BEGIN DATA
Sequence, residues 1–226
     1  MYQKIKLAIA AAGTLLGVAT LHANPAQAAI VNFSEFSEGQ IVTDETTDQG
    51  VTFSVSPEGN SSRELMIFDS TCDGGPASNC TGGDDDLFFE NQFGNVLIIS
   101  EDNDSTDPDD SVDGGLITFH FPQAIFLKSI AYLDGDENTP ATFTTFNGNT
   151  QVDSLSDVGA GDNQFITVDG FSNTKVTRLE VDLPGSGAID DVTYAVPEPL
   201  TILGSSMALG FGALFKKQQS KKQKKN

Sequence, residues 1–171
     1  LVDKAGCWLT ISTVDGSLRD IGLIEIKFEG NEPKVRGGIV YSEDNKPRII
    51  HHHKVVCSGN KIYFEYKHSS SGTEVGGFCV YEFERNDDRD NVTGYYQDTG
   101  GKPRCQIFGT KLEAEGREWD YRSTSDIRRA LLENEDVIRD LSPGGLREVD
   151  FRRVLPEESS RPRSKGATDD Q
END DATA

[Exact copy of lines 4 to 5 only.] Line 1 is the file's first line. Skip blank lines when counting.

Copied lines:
   101  EDNDSTDPDD SVDGGLITFH FPQAIFLKSI AYLDGDENTP ATFTTFNGNT
   151  QVDSLSDVGA GDNQFITVDG FSNTKVTRLE VDLPGSGAID DVTYAVPEPL